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Every so often, I’ll find an email from a fellow cord-cutter who’s concerned about future-proofing for ATSC 3.0.
The huge air TV upgrade, also known as NextGen TV, represents a major leap over the current ATSC 1.0 benchmark for antenna consumers, assuring 4K HDR video service, Dolby Atmos and DTS-X sound , on-demand movie, and also possibly greater reception. But because ATSC 3.0 is incompatible with the current TV tuners, cord-cutters will eventually need new TVs, tuner boxes, or over-the-air DVRs to make the most. If you hear sufficient industry hype to the new benchmark, you might reasonably wonder if it is worth buying ATSC 1.0 hardware anymore.
From what I’ve heard, though, not much has changed since last year, when I wrote that most people should not be seeking out ATSC 3.0 hardware yet. While more channels are broadcasting in ATSC 3.0 than a year ago, the huge majority are still in an experimental stage, and major TV networks have not yet committed to attributes like 4K and on-demand movie. Compatible hardware also remains expensive and infrequent, and even Dave Arland, a spokesman for the ATSC standards body, acknowledged via email that it is”very early days” for its standard.
Some NextGen TV hardware alternatives do exist now, and we’ll likely find some more after this year. Still, I would recommend against blowing your budget on ATSC 3.0 gear right now, or delaying your cord-cutting plans solely for the sake of future-proofing.
ATSC 3.0: Where are the 4K broadcasts?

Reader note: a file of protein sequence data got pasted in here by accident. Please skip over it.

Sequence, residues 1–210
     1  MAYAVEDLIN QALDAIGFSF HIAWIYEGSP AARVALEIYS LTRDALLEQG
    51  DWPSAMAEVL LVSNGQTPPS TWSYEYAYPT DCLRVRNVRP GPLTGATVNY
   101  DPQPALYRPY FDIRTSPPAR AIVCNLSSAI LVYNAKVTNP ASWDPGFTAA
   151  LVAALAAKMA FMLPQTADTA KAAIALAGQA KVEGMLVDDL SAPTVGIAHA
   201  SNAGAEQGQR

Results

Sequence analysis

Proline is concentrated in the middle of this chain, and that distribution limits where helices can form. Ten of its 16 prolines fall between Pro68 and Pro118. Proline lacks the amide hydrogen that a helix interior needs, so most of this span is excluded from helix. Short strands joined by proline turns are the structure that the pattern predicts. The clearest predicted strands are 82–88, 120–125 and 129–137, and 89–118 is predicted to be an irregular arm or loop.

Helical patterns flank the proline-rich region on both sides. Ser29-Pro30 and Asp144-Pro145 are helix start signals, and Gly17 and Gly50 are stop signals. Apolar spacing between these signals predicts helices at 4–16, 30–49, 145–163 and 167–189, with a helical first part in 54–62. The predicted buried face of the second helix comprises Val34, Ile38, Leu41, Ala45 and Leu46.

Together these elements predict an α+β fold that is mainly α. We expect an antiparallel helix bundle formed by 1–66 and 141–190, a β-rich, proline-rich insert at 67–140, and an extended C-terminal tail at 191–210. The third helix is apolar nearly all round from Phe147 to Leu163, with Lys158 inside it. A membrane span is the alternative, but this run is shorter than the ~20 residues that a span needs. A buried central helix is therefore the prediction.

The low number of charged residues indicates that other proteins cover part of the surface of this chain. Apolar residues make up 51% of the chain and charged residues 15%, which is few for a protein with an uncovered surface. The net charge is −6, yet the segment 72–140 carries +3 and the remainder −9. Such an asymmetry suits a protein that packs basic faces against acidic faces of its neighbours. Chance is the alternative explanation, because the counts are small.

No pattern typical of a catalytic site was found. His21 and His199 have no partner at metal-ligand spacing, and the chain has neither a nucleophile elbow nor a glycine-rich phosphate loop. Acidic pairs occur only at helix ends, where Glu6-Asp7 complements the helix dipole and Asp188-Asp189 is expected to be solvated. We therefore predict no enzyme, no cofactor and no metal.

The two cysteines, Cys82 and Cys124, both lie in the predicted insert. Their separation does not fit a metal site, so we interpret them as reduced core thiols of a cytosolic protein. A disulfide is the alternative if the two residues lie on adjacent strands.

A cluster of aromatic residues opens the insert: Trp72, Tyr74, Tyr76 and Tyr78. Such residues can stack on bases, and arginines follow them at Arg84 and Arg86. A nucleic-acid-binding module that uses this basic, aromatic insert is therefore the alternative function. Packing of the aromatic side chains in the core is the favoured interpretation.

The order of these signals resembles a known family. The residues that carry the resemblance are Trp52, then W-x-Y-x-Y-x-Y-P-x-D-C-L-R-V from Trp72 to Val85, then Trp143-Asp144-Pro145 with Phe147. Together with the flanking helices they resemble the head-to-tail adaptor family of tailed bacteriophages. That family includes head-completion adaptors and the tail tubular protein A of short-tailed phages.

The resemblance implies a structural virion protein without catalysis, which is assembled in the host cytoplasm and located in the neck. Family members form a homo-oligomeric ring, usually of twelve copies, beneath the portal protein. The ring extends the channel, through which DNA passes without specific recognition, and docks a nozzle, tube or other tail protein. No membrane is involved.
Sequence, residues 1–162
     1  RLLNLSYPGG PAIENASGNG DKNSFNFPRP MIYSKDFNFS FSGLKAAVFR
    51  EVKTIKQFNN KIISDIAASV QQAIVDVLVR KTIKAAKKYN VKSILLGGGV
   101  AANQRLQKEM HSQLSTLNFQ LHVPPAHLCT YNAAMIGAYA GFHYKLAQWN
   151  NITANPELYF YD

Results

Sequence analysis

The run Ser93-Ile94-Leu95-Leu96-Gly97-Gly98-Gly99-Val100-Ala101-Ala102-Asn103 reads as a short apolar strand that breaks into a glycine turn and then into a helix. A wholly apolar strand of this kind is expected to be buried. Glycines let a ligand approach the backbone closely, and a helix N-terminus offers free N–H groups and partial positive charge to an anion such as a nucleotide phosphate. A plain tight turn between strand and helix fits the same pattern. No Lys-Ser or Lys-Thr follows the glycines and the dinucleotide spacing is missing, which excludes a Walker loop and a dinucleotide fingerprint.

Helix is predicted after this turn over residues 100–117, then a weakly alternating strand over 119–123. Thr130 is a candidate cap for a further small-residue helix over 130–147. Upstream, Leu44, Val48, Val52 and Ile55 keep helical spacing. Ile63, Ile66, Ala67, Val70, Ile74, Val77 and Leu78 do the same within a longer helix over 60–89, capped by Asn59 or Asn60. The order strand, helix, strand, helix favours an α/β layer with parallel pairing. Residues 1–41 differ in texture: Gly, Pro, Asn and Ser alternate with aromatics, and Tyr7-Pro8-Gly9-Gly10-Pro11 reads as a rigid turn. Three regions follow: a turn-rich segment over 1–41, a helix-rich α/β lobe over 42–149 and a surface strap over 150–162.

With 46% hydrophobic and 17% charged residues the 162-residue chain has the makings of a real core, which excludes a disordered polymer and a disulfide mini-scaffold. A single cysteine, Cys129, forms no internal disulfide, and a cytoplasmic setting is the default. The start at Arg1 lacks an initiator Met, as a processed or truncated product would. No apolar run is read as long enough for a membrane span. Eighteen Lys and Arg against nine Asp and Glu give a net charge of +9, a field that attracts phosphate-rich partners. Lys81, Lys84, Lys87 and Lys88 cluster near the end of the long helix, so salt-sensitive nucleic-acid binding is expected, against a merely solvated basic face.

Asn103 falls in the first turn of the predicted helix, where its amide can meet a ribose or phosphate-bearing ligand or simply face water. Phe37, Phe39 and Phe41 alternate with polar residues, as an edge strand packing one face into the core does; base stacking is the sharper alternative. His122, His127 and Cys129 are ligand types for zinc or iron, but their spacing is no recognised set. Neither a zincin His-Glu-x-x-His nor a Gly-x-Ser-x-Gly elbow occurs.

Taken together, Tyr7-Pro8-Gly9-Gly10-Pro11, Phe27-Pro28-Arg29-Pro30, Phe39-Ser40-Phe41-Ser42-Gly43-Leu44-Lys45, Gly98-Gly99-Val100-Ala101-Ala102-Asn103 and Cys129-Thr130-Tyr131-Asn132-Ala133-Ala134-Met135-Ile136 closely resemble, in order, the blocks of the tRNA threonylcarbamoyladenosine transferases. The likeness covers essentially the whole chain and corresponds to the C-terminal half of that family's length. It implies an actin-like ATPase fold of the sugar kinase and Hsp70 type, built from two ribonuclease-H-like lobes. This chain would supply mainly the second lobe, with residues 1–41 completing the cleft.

The biggest question mark for ATSC 3.0 is at what stage broadcasters will adopt key features such as 4K HDR video and Dolby Atmos sound. Even though more than 90 stations around the United States are broadcasting at the new standard today, Arland said that they are mostly focused on getting on the air and fulfilling simulcast requirements. (Per FCC guidelines, broadcasters that launch NextGen TV stations must also air their most important channels in ATSC 1.0 until at least February 2023.) A supplier in Boise, Idaho called Evoca is offering a 4K channel currently, but just as part of a broader paid service.
Major TV networks like ABC, CBS, NBC, and Fox could be a complicating factor as well. Even if those networks encourage ATSC 3.0, none of them have made broad commitments to any particular ATSC 3.0 feature, Arland said. 4K alone could be a significant job for networks, which for the most part have not been offering the arrangement on cable or streaming solutions . (One notable exception is Fox, that has started delivering some athletic events in 4K.)
Bear in mind that ATSC 3.0 isn’t just for antennas. The industry is also pushing for its adoption in cable TV systems, together with Arland calling it”essential” to get broadcasters. My guess is we will not see wide proliferation of NextGen TV features until cable providers like Comcast are on board, and right now they’re only in the testing phase.
In the long run, we could see broadcasters adopt NextGen TV for local content, so you may get perks such as on-demand video for weather or news. The standard also supports a dialog-boosting feature called Voice+, and that Arland said is simple to execute. You may expect that to be adopted in advance of other attributes like 4K HDR video.
But if you are expecting to plug into an antenna and observe neighborhood NFL games or primetime shows in 4K HDR, it might be a while before that is a reality.
Even if you want to future-proof your own cord-cutting setup, consumer-facing options are currently quite limited.
On the TV front, Sony is promising 16 new sets this year with NextGen TV support, whereas LG says all of its own new 4K and 8K sets will encourage NextGen TV in 2021.
The situation is less clear with different vendors. Samsung hasn’t committed to some particulars (although the firm said via email that it’s more ATSC 3.0 versions on the road ), and other sellers like TCL did not announce any new sets at the big CES trade show past week. Arland said other sellers could launch compatible TVs after this year, but did not supply any details. (For today, the NextGen TV website has a list of available sets.)
External set-top boxes may also be an alternative Instead of replacing Your Whole TV, but thus far the only consumer-friendly option is SiliconDust’s HDHomeRun Connect 4